Number 13 of 20 for 20 – In Real Life
#virtualappearance #decisivetrialdesign #courtroomsavvy #presentandaccountedfor #podiumperfect #live
Delivering online speeches or opening statements to a tiny little camera in lieu of a live audience is a timely topic given the political conventions that have just finished. There is a connection between the nimble transition both major parties made from in-person convening to remote success and the desire for our legal system to do the same.
However, we would be wise to remember that in-person meeting is vital to the existential experience of being human, especially when seeking justice. Remote technology is best viewed as a much needed bridge over a (hopefully) temporary gap.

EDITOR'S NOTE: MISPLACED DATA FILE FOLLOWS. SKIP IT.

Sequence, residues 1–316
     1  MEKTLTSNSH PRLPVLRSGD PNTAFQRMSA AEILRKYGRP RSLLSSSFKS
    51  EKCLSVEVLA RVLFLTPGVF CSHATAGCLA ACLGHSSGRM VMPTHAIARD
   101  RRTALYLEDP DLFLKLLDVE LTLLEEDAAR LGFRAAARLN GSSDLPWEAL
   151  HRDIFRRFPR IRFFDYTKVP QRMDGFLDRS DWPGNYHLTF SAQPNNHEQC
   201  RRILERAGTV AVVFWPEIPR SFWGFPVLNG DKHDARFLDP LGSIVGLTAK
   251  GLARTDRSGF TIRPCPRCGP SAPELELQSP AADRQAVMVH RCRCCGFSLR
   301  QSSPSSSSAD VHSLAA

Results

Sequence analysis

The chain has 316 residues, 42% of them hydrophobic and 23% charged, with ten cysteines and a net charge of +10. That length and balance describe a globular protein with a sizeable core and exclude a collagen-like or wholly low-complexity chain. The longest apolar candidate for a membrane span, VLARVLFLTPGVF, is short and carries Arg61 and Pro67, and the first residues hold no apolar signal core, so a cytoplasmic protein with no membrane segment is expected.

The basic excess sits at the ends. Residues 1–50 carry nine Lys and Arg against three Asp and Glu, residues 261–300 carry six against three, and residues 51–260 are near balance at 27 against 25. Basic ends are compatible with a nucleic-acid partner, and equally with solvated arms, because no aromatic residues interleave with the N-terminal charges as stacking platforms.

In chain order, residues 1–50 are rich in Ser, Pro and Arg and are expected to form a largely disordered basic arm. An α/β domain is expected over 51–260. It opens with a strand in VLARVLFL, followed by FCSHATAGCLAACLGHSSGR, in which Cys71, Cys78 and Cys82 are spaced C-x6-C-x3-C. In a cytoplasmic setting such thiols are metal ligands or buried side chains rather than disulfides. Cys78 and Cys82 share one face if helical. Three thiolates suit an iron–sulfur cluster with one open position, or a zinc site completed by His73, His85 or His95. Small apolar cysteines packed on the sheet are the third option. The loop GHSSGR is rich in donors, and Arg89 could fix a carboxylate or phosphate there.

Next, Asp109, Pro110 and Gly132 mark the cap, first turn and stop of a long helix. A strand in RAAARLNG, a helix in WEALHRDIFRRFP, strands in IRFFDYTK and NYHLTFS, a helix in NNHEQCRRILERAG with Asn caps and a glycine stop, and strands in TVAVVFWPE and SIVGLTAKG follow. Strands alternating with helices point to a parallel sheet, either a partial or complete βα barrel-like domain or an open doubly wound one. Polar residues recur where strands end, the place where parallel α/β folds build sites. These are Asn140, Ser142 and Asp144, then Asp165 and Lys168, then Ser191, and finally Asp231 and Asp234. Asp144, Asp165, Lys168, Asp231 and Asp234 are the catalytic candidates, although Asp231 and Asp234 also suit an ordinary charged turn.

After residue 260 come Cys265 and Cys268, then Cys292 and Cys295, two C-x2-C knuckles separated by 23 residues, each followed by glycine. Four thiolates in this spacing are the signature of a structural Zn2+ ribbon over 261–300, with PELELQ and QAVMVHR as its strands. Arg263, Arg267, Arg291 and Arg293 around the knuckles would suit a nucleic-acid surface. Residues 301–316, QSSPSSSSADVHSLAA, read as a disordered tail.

One aspect of this new environment is that the practice of reading a speech has become more and more acceptable (much to my disappointment). One is left to wonder, what of the skill to jump off the proverbial diving board leaving notes and scripts behind and finding a flow? Groups like Toastmasters have been building these skills for decades. Certainly, the courtroom demands them. The true art of persuasion is not the result of good reading skills. Or is it?
A friend recently described the “pale-in-comparison” difference between attending an event by video and attending an event in person as the difference between watching a movie on your iPhone and enjoying it from a seat in the audience at a Broadway play.
No matter the sophistication of the technology used to connect people who are in different places (in court, in school, at play or at work), the experience will not be fully engaging or optimal. It behooves all of us to remember that these are temporary conditions that help keep us safe and connected until “in real life” returns.